For many of us, getting stronger is the ultimate goal. We want to be able to lift so much weight that even the girl two blocks away will be impressed. But many have tried and failed so many times they have finally given up and been tossed into the pit where the weak dwell.
It sucks to be weak, but the good news is that if you are weak, you can get strong. Here are three pitfalls to avoid on your journey.
1. Being inconsistent
One of the biggest mistakes people make is expecting to get stronger overnight. While it's true that most beginners can add 2.5 to 5 pounds onto the bar every session, strength gains are not linear.
If strength gains were linear, the world would be populated with millions of people who could Deadlift Optimus Prime for reps.
The harsh reality is that the stronger you become, the harder it is to get still stronger. Beginners often continue training because they gain strength and build muscle initially. But as they progress, the gains come much slower and the results are less noticeable. When this happens, most beginners quit. Due to the lack of "newbie" gains to motivate them, they stop taking training seriously.
I recently competed in a power lifting meet, and although I didn't place in the top three, I'm pretty happy with my personal records. It made me think about my training and how I've actually been consistent with it.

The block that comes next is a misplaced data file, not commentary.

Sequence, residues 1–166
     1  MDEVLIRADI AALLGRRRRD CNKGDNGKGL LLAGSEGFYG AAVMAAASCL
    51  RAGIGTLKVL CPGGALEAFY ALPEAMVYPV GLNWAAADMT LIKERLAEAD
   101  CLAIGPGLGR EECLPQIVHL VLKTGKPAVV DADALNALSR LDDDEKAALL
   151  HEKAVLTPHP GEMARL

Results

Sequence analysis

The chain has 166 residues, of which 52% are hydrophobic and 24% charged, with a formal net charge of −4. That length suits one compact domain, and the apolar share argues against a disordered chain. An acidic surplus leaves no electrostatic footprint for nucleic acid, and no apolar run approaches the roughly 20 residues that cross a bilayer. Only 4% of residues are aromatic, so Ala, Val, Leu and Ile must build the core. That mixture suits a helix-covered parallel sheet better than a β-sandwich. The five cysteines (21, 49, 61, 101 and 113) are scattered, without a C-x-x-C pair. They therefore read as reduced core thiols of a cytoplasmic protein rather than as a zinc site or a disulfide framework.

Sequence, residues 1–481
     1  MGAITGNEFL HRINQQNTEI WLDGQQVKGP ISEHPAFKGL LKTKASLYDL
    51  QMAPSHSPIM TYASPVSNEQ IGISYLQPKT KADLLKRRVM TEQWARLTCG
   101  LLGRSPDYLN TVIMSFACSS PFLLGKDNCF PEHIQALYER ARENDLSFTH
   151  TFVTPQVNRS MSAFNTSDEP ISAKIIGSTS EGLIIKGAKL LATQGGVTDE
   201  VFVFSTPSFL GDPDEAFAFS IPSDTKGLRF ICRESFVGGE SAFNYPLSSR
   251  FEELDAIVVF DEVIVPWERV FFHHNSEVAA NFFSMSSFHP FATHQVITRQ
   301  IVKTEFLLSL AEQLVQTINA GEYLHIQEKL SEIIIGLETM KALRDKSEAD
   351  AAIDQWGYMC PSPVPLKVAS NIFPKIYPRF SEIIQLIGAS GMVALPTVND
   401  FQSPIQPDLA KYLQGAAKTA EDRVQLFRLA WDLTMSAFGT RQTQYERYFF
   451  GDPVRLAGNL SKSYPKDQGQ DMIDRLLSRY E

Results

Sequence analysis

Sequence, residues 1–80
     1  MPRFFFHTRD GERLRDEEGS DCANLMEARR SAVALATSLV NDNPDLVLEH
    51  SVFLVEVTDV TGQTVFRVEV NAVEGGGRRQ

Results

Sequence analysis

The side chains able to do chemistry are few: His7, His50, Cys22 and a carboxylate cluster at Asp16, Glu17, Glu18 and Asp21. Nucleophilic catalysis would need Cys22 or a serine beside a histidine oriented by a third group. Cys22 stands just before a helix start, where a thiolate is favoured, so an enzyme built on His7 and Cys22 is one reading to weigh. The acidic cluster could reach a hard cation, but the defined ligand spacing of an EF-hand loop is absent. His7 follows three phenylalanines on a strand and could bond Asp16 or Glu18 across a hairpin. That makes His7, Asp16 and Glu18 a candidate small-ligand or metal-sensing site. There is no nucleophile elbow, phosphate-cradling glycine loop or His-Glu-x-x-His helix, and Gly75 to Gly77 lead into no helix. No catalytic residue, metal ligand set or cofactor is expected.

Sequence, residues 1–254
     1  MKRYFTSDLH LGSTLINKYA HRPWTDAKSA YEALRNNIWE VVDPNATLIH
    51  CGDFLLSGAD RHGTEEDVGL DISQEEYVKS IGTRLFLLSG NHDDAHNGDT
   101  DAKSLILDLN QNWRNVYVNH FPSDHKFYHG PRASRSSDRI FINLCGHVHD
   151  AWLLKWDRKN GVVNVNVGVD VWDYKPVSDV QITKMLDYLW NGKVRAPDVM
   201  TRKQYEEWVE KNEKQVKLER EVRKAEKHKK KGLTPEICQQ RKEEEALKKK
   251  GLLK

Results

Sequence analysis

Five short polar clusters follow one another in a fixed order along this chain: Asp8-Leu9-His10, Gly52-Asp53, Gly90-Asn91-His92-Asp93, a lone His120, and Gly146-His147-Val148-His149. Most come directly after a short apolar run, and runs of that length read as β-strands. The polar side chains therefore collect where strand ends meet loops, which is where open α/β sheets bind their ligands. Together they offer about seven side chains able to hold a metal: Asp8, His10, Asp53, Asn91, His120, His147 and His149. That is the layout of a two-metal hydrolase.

I've increased my training from three to four days per week, and I've only missed two training sessions in four months.
Seems to me that simply staying on track even when results aren't coming as fast as you wish is the secret to getting stronger.
2. Not prioritizing strength
It's easy to get distracted from your goal when aesthetics are involved. Bodybuilders look way more jacked and muscular than power lifters or strongmen. But they're only training certain muscles. Power lifters, who work on their whole-body strength, can lift way heavier than most bodybuilders.
Stick to your strength routine and you will get stronger. Don't be too concerned about whether you look as ripped as the guy who's training to make his pecs and abs pop.
3. Lifting too much volume
If a little is good, more is better right? In a world where people love excess, this is probably true. However when it comes to training, it's probably not the right thing to do.
If you lift three times a week and get stronger, will lifting five times a week turn you into the Hulk? No, it will just tire you out. Most star athletes are as strong as bulls, yet they don't spend as much time in the weight room as we might assume. In fact, their coaches probably train them with the minimum effective dose—enough to stimulate their bodies and help them gain strength.
Instead of annihilating yourself with high-repetition work every time you train, focus on fewer reps with heavier weights. If you want to move heavy weights, you need to lift heavy weights.
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